If you’ve been reading our articles for any length of time, you have probably noticed some references to Dan Allender and his book The Wounded Heart. WGA periodically offers a specialized focus group for those dealing with the effects of abuse called Survivors of Abuse (SOA). Allender’s book, and the accompanying workbook, have been the “textbooks” we’ve used for this group for many years. His research and experience provide much valuable insight into abuse, specifically sexual abuse. Many of the principles apply to other types of abuse as well.
Among other topics, one that stands out to me in his book is the role contempt plays in the way many people cope with painful, shame-filled experiences. Quoting Allender, “Contempt is best understood in its operation… Contempt is condemnation, an attack against a perceived cause of shame. The condemnation can be against the person whose eyes are penetrating our façade or against the element of our being that is the cause of the shameful revelation. The first option, self-contempt, and the second, other-centered contempt, though different in form, are similar in function.”
In other words, we can be contemptuous of ourselves and the parts within that seem to be the source of our shame; or we can be contemptuous of others who we perceive to be causing our shame.
One way that survivors of abuse cope with shame is to turn the blame for the abuse inward. “If only I had been better, more worthy of love, less of a weakling… then I wouldn’t have been abused,” and other thoughts like this are the inner dialogue. “The abuse must be my fault.” These mantras may seem ridiculous written out so plainly, but they are experienced subtly and internally.
I remember being bullied early on in life. Most of the bullying I experienced was verbal. Before I even knew what the word meant, I was labeled a fag. The mocking tone of voice that was used with that word communicated a lot. Something was different or wrong with me. I didn’t fit in and being a “fag” was the reason. The bullies saw something in me. That “something,” my sexuality, became the source of my shame and eventually my contempt.
Over time, I developed a pattern of just absorbing everything as if it were always my fault. Something was clearly wrong with me, so I must be to blame for almost everything. Someone cuts in front of me in line, I really didn’t deserve to have the place I had in that line anyway. My steak isn’t cooked the way I ordered it, but no problem. I don’t want to make waves. I did my best to stay under the radar of everyone else, trying to avoid more abuse from others. But all the while, I was abusing myself with my own contempt and perceived unworthiness.
Sometimes when faced with pain and wanting an escape from the shame we feel, we direct our contempt and rage towards others. Other people have been the source of my pain, so I will place the blame there. This is appropriate when the one being blamed is the one who abused us. Rather than dealing with the pain and shame directly though, we develop symbols outside of ourselves that represent the causes of pain.
Being a boy seemed to be the source of a lot of problems for me. I sometimes thought that if I had been born a girl, my life would be easier. Not because girls have it easier than boys. I just felt like I would have an easier time fitting in if I had been a girl. The bullying wouldn’t have been there, at least not in the way I experienced it. I made friends with girls more easily. It just seemed like life would have been better if I were a girl. These feeling eventually ebbed into the background, but I still wrestled with what it meant to be a boy.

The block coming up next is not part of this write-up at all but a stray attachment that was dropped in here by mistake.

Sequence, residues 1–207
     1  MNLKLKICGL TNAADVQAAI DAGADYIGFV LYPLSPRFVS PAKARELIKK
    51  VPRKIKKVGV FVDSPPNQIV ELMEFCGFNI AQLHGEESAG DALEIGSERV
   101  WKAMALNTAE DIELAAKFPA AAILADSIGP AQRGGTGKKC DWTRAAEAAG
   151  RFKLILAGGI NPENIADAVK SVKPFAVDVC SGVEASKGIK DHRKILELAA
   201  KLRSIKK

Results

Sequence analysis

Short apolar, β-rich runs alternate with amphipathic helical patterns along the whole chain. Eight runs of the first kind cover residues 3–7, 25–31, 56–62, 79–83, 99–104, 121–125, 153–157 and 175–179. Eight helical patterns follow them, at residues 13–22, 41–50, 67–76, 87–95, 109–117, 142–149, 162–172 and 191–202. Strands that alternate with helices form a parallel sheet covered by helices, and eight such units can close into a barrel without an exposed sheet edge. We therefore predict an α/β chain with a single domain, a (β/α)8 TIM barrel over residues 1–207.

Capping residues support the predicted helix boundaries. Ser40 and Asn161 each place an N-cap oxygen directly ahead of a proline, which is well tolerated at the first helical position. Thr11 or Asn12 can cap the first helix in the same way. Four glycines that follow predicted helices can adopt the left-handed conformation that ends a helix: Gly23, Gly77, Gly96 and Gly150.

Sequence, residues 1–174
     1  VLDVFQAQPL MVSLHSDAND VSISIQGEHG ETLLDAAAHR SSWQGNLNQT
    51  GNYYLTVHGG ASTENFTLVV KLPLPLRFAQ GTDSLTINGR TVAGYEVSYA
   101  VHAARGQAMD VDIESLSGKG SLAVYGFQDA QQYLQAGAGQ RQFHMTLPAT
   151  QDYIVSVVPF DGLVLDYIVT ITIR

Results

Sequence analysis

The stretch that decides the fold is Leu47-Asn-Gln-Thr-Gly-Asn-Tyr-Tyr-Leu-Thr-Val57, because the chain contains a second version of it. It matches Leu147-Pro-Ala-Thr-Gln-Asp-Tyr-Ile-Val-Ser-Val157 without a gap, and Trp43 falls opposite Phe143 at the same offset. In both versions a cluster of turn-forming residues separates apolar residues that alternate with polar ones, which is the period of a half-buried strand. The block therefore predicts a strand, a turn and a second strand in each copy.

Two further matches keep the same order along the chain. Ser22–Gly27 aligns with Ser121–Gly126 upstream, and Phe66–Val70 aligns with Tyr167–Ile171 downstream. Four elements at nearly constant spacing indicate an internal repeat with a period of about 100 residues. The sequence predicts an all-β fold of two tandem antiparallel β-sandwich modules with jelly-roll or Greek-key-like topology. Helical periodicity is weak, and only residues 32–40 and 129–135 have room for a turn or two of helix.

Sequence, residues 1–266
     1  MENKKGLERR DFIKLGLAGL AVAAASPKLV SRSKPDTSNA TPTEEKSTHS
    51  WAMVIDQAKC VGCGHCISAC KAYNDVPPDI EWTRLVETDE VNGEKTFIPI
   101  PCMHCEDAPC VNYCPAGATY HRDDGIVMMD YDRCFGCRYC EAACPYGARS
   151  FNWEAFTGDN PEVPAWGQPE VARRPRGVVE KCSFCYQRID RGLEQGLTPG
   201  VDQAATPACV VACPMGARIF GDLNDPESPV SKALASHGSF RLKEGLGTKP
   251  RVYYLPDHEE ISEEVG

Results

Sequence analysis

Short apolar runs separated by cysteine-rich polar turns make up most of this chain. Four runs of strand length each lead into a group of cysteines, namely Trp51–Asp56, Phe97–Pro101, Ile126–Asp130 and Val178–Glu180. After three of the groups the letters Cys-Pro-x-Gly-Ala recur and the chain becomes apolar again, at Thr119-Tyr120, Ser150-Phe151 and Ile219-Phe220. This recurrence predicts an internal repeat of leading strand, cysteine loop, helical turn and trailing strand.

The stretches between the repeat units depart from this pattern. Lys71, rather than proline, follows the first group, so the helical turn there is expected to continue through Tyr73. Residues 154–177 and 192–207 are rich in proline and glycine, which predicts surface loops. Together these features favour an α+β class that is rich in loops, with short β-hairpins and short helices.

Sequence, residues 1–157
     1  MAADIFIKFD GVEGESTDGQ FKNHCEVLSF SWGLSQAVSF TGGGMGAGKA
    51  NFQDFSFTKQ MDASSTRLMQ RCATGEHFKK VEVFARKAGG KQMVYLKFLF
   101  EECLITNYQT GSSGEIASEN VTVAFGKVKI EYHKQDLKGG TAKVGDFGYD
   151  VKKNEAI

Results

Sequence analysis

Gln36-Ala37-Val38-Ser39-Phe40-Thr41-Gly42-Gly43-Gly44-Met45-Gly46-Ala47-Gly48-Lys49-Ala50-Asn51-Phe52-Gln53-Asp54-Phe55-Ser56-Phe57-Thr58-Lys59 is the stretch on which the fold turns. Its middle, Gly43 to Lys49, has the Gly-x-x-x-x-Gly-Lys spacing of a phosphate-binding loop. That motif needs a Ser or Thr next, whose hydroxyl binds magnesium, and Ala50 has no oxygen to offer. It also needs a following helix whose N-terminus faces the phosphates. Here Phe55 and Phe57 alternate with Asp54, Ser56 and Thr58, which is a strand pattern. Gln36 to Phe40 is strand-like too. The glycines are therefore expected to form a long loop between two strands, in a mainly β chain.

The shame I felt about not measuring up mostly was directed inward (see above). But, I began to develop contempt for others (and the things they enjoyed) who had the masculine characteristics and interests that I didn’t. I hated football and most other sports because that was what boys were supposed to love. I hated everything to do with farming and ranching, because that is what most of the men in my family and community did for their careers. You would never see me wearing a baseball cap. I’ve been working through much of this (I enjoy football now) , but it is still there. As recently as a few years ago, I refused to go to the rodeo for a WGA event because of my contempt for what seemed like a symbol of masculinity that I wanted to reject.
Contempt is a self-protective coping mechanism that works to deflect, or get out from feeling shame… either by aiming our disdain on ourselves or onto others.
In my next article, I will discuss some of the functions of contempt, as well as some thoughts about how to address the issue in our lives.
Roger began working with WGA in October of 1996 as the Assistant office Manager. Since that time, he has worn many hats and served in several different positions, including Assistant Program Director and Operations Director. In April of 2007, Roger assumed the position of Executive Director.
Roger attended West Texas A&M University, where he studied Music Business. Much of his training has been “on the job,” where he was mentored by the ministry’s Founder, Mary Heathman, and the Program Director, Scott Kingry. He holds a BA from West Texas A&M University.
Roger, his wife Jill, and their daughter Julia and son William, attend Celebration Community Church where Jill serves as Senior Pastor.
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